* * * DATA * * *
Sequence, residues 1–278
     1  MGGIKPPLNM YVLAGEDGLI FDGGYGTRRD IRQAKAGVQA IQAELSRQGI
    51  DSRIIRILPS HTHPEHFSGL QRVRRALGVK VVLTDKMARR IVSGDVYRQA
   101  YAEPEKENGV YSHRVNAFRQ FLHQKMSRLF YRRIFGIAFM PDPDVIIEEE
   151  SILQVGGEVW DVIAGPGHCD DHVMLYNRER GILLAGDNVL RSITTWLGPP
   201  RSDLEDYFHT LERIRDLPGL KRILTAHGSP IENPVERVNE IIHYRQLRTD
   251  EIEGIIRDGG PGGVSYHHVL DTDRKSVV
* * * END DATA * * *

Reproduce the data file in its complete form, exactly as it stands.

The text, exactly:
Sequence, residues 1–278
     1  MGGIKPPLNM YVLAGEDGLI FDGGYGTRRD IRQAKAGVQA IQAELSRQGI
    51  DSRIIRILPS HTHPEHFSGL QRVRRALGVK VVLTDKMARR IVSGDVYRQA
   101  YAEPEKENGV YSHRVNAFRQ FLHQKMSRLF YRRIFGIAFM PDPDVIIEEE
   151  SILQVGGEVW DVIAGPGHCD DHVMLYNRER GILLAGDNVL RSITTWLGPP
   201  RSDLEDYFHT LERIRDLPGL KRILTAHGSP IENPVERVNE IIHYRQLRTD
   251  EIEGIIRDGG PGGVSYHHVL DTDRKSVV